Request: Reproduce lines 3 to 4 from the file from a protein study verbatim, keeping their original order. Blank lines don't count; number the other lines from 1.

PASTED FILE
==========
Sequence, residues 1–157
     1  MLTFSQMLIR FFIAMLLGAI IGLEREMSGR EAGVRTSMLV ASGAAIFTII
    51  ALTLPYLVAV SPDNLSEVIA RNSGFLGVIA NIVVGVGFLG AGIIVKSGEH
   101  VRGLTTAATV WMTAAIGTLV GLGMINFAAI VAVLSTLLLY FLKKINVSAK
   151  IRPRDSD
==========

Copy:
    51  ALTLPYLVAV SPDNLSEVIA RNSGFLGVIA NIVVGVGFLG AGIIVKSGEH
   101  VRGLTTAATV WMTAAIGTLV GLGMINFAAI VAVLSTLLLY FLKKINVSAK